Eighteen months later, he was in for a scheduled visit; he seemed sad and I asked him what the problem was.  He said that he was afraid we would tire of helping him. As indicated above, he had applied for and had received disability, but he would not be eligible for Medicare for two years. He asked if we would stop helping him. I said, "Yes, we will stop helping you.”  With some trepidation, he asked, “When?”  I said, “The day after we go bankrupt."  I added, “Medical home is more than a name to us.  I would no more stop helping you if SETMA has the resources than I would not support my wife of 49 years, or my children and grandchildren.”

Five Years and Counting

It has been exactly five years since this patient joined SETMA’s medical home.  In the interim, we have learned a great deal more about medical home.  And, he and his wife have enjoyed the benefits of The SETMA Foundation and of SETMA’s model of care.  SETMA has enjoyed the benefit of caring for a family which is grateful for the care they have received and whose health has benefited from the PC-MH method of care.  His health is stable, as is his vision.  He has health issues but caring for him is a joy and a delight. 

During his visit yesterday (February 20, 2014), with a 4th Year Medical Student present, who is participating in SETMA’s PC-MH Externship endorsed by the University of Texas Health Science Center at San Antonio School of Medicine, I read to him and his wife an earlier version of his story which was published  in February, 2011.  I then told him about Winston Churchill’s famous saying:  “You make a living by what you get; you make a life by what you give.”  I thanked him for giving SETMA, SETMA’s partners and all of our colleagues, the opportunity to make a life.

Patient Advisory Board

This spring, SETMA is forming a Patient Advisory Board which will meet three times a year.  The Board will review SETMA’s performance, plans and projects.  The Board will have a vote on what we do and don’t do.  The consumer and community members of this Board, which will occupy a majorly of the seats on the Board, will have access to confidential and private information, but will not include person health information, with which to help SETMA enter a new dimension of patient-centeredness.  As we continue to accumulate “stories” about PC-MH, we trust that patients will experience increasing medical-home care which will be satisfying to them personally and valuable to their personal health.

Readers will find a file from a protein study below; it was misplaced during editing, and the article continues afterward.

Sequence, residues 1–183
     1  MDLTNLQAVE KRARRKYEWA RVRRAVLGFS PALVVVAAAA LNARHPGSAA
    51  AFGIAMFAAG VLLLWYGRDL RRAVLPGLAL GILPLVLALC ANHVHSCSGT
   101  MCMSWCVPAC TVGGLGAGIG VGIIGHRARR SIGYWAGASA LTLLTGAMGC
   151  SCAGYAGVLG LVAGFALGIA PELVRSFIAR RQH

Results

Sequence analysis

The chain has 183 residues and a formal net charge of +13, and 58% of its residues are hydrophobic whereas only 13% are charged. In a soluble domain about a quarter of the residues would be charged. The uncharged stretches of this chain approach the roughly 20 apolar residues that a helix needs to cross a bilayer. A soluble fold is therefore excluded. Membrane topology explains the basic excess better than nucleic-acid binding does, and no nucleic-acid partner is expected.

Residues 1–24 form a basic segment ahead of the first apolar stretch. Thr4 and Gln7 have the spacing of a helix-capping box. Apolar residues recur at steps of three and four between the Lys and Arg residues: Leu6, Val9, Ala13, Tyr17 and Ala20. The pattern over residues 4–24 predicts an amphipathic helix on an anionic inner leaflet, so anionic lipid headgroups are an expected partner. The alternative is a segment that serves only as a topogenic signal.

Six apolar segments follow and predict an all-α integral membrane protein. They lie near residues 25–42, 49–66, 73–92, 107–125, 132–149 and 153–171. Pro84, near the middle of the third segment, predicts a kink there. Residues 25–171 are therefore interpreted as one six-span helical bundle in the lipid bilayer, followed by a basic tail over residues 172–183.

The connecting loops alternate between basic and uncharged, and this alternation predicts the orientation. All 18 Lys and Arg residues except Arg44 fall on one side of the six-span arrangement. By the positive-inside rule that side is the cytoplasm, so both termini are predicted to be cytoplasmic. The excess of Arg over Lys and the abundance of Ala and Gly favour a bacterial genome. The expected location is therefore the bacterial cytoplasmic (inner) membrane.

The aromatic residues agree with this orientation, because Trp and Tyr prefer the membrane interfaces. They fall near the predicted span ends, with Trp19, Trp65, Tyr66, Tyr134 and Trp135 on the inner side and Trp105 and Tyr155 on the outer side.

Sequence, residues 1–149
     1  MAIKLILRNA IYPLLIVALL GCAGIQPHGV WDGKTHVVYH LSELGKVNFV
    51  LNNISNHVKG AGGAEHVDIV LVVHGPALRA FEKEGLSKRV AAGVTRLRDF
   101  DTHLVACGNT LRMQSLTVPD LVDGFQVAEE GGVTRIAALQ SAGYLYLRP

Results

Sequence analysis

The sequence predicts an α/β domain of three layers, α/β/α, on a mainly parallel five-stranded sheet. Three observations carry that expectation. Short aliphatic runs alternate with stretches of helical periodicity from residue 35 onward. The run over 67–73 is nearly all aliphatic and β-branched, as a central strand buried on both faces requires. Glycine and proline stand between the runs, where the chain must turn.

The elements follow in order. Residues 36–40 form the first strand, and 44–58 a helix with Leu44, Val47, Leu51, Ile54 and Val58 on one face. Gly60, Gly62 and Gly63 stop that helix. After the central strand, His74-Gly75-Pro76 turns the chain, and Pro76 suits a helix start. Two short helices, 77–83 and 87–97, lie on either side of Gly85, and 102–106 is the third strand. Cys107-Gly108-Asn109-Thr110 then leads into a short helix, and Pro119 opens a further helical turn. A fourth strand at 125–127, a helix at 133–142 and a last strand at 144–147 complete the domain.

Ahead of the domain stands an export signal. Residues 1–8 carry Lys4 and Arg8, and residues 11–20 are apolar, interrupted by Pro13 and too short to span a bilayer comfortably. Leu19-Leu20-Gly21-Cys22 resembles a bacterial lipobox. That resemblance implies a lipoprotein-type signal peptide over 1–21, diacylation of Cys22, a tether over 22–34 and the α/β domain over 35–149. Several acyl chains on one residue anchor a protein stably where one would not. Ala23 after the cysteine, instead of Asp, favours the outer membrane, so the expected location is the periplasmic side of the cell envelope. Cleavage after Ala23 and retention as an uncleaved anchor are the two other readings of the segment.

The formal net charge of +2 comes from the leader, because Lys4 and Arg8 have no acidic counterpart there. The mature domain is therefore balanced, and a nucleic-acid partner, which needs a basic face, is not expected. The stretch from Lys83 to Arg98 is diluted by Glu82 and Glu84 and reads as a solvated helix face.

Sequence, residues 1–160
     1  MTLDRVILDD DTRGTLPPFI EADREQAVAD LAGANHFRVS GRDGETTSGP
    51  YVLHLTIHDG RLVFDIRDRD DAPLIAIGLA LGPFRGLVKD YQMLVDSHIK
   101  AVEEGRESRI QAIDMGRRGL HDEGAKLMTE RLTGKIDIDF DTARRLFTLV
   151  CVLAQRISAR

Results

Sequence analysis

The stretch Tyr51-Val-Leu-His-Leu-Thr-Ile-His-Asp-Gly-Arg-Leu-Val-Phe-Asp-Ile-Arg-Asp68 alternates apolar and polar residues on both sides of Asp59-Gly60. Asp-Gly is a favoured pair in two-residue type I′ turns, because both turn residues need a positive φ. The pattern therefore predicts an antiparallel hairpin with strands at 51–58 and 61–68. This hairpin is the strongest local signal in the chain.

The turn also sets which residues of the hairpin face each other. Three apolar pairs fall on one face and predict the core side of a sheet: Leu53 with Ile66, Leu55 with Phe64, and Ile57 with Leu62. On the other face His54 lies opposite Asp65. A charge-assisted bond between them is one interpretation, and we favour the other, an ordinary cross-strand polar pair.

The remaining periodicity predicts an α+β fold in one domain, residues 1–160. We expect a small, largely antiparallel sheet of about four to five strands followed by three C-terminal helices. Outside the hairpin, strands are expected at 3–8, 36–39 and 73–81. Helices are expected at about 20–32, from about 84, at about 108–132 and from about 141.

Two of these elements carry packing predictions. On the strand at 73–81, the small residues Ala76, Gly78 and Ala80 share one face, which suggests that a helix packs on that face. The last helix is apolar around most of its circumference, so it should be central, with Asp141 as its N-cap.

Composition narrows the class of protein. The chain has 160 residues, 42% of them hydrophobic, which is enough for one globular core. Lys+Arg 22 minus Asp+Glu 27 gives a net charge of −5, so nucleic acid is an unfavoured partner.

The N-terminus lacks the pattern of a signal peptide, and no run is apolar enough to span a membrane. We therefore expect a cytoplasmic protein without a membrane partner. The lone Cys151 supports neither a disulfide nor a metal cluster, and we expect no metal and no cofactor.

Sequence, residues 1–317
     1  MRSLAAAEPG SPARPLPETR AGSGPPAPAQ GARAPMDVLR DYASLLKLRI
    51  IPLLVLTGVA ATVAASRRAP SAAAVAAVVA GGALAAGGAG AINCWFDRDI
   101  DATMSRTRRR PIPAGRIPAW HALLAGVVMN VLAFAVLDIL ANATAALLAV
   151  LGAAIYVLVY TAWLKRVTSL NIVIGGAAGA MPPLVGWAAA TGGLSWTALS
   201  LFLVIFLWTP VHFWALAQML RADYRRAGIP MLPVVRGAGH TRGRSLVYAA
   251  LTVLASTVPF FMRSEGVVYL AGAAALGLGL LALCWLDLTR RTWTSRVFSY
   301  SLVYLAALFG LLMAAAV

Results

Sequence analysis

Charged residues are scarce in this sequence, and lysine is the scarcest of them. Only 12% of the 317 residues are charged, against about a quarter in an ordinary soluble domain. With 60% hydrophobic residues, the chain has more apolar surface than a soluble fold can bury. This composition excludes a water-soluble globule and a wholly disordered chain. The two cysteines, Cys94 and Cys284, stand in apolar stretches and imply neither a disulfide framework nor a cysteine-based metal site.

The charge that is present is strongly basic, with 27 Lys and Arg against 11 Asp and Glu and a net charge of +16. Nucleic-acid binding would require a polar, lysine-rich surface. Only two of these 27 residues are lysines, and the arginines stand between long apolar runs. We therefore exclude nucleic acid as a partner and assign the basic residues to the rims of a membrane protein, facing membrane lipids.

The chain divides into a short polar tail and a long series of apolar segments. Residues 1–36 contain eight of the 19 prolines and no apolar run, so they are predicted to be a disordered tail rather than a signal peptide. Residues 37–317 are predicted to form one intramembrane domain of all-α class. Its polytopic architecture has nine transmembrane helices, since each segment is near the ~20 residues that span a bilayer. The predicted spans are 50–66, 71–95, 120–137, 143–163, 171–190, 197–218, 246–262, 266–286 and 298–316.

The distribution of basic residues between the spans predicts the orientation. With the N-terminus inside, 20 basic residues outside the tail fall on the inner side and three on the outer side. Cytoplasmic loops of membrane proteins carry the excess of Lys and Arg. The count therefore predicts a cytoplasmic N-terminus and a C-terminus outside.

As SETMA has continued its journey to being a medical home; our Patient-Centered Medical Home Poster Child has taken a journey from being a stranger, to being a patient, to being a friend, to being a family member.  Each level of intimacy and relationship has brought with it increasing satisfaction of care, increasing quality of care and an increasing lower cost of care.  That is a microcosm of SETMA’s fulfillment of the Triple Aim.  And, unpleasant encounters have morphed into delightful, pleasant, anticipated encounters with handshakes, hugs and smiles all around.